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Leaked Cables: Allende, Kissinger, Moynihan, and the Indian Nuclear Bomb

What did the overthrow of the Chilean President Salvador Allende have to do with Indian nuclear weapons? More than you might suspect.

U.S. Secretary of State Henry Kissinger with Indian Prime Minister, October 1974. Source: Library of Congress cph.3b13867/Wikimedia Commons.

What did the overthrow of the Chilean President Salvador Allende have to do with Indian nuclear weapons?

At first glance, perhaps not a lot. However, archival documents from the Nehru Memorial and Museum Library in New Delhi reveal that there was indeed a connection made between the two in 1974.

In September 1974, details of the CIA’s operations in Chile became public when CIA director William E. Colby’s secret House Armed Services subcommittee testimony was leaked – thus confirming the role of the United States in the bloody removal of President Allende. This was reported widely in the Indian press, and India’s Prime Minister, Indira Gandhi, commented on the event several times.

Notably, Gandhi even referred to the foreign hand in the affair. In a speech in Madras on September 9, 1974, she reportedly said that “reactionary forces, helped from outside, were using the current difficulties to whip up the people against the government and in this context it had become necessary to make India strong…”

The reactions to Allende’s fate in India prompted Daniel Patrick Moynihan, then the US Ambassador to New Delhi (and later a Senator from New York), to pen a strongly worded cable to the State Department titled, “The United States as a Counter-Revolutionary power – The Case of India and Chile.”

Moynihan condemned the CIA’s covert operations in Chile, believing that such actions would lead Indira Gandhi to “proceed to develop nuclear weapons…preaching nonviolence all the way.” Ambassador Moynihan stated that:

“…She [Gandhi] knows full well that we have done our share and more of bloody and dishonorable deeds. This as such is not her concern. She knows all too much of such matters. It is precisely because she is not innocent, not squeamish and not a moralizer that her concern about American intentions is real and immediate…”

Moynihan continued:

“…Do not think, fellow Americans, of beguiling Indira Gandhi with talk of cultural exchange, joint industrial undertakings or a few shiploads of cheap food. Her concern is not economic. It is political. Nothing will change here till she is satisfied that the United States accepts her India. She does not now think we do. She thinks we are a profoundly selfish and cynical counterrevolutionary power. She will accordingly proceed to develop nuclear weapons and a missile delivery system, preaching non-violence all the way.”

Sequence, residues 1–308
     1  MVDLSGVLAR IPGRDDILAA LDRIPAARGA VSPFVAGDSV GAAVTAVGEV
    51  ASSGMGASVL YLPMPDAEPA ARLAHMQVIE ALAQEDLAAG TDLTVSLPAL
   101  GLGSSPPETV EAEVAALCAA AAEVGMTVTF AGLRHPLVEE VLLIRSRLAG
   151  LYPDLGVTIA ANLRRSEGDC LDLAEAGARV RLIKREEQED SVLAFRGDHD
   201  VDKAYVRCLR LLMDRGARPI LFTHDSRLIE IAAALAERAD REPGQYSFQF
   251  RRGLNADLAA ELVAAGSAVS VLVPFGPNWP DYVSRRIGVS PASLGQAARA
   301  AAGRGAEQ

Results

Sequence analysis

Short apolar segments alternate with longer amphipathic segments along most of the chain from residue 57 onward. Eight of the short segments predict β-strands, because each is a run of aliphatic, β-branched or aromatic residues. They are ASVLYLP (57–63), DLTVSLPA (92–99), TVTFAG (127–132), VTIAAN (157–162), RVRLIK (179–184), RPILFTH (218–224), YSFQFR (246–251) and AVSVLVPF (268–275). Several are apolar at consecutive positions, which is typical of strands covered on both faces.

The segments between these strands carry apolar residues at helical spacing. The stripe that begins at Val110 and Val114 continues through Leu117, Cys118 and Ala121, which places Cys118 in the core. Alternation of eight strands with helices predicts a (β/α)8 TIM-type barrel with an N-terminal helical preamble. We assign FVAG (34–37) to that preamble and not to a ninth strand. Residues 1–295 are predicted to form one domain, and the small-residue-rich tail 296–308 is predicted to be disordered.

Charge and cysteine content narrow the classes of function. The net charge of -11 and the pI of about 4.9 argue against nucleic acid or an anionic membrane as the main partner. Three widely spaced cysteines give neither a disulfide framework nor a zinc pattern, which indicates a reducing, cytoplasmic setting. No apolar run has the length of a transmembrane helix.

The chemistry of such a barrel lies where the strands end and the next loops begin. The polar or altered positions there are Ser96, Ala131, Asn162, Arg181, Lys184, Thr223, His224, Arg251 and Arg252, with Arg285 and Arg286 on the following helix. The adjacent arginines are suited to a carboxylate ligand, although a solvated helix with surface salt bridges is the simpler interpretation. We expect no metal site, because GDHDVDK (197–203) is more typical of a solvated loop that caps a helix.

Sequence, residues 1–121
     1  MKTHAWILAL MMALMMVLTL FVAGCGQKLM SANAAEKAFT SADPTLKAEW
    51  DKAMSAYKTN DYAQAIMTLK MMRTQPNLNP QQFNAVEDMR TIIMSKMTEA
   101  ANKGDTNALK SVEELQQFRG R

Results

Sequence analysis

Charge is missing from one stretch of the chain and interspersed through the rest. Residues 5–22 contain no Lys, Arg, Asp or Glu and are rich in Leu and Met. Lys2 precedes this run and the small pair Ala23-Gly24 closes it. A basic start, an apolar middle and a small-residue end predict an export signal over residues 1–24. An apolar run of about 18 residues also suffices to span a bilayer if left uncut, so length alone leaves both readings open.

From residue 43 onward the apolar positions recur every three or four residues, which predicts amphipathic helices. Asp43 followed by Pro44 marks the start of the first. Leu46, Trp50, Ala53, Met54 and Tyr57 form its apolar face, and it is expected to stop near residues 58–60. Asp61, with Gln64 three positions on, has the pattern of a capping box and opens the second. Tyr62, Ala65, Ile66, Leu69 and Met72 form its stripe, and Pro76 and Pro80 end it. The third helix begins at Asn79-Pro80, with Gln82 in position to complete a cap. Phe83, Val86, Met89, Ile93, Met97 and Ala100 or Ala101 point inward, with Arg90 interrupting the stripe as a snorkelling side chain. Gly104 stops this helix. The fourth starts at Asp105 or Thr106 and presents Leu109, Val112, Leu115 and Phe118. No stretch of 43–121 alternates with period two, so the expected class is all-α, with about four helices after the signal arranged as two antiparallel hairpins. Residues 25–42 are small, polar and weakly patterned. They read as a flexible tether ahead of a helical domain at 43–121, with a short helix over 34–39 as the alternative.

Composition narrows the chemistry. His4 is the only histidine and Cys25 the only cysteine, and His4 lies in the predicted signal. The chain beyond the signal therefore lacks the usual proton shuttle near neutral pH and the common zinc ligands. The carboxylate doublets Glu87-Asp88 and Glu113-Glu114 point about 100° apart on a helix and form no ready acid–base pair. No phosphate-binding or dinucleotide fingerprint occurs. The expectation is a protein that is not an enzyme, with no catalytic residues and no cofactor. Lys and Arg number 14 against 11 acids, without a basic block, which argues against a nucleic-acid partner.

Moynihan’s cable was subsequently leaked to the press, possibly by the Ambassador himself. Unsurprisingly, the missive did not endear Moynihan to any party, and neither the United States government (especially then Secretary of State Henry Kissinger) nor the Indian government took kindly to the cable.

On the US side, a serving ambassador publicly criticizing US foreign policy and the State Department was extremely poor form. And in India, the government was considerably displeased with the link made between Indira Gandhi’s speeches and nuclear weapons.

India had been strongly advocating its position that the May 1974 nuclear explosion was for peaceful purposes only and that there were no plans for weaponization. The United States Ambassador to India stating that this was not true, in an internal State Department document that was then leaked to the press, posed a problem for Indian foreign policy.

On  September 20, 1974, the Indian Ambassador to the United States, T.N. Kaul (who was also a former Foreign Secretary) wrote to Prof. P.N. Dhar, the then Secretary to the Prime Minister of India, with a press clipping of Moynihan’s leaked cable and associated reportage. Discussing Moynihan’s cable, Kaul wrote:

“…he has linked CIA activities in Chile with our determination to go in for nuclear weapons and means of delivery! I really do not see how he linked the two and this has definitely cast doubts on our various declarations that we are using nuclear technology exclusively for peaceful purposes. Such statements coming from a man like Moynihan naturally decrease our credibility and distort our image in the USA.”

Ambassador Kaul subsequently went to meet Kissinger to discuss the matter – what Kissinger called “Moynihan’s hysterical cable” – and reported the contents of the meeting in a personal note to the Prime Minister Indira Gandhi. 

Moynihan had suggested to Kissinger that during the latter’s visit to India, he should give Indira Gandhi some assurance about non-interference in Indian affairs. Kissinger tactfully told Kaul that he would not venture to presume that Prime Minister Gandhi needed any such assurance, while assuring Kaul that the United States was not conducting any “political or subversive anti-government work in India.” Furthermore, Kissinger added, “I know that it will take India 10 or 15 years to develop means of delivery and it is presumptuous of Moynihan to have said that India is going for means of delivery in nuclear weapons.”

When asked how such cables were leaked to the press in the United States, Kissinger reportedly replied, “That is always my headache…” and went on to assure Ambassador Kaul that America accepted Indira Gandhi as the leader of India and was “anxious to strengthen understanding and friendly relations.”

This curious and brief episode relating Moynihan’s leaked cable and the link between Allende’s overthrow and Indian nuclear weapons and subsequent interaction between T.N. Kaul and Henry Kissinger can be found in the personal papers of Ambassador T.N. Kaul at the Nehru Memorial Museum and Library.

About the Author

Debak Das

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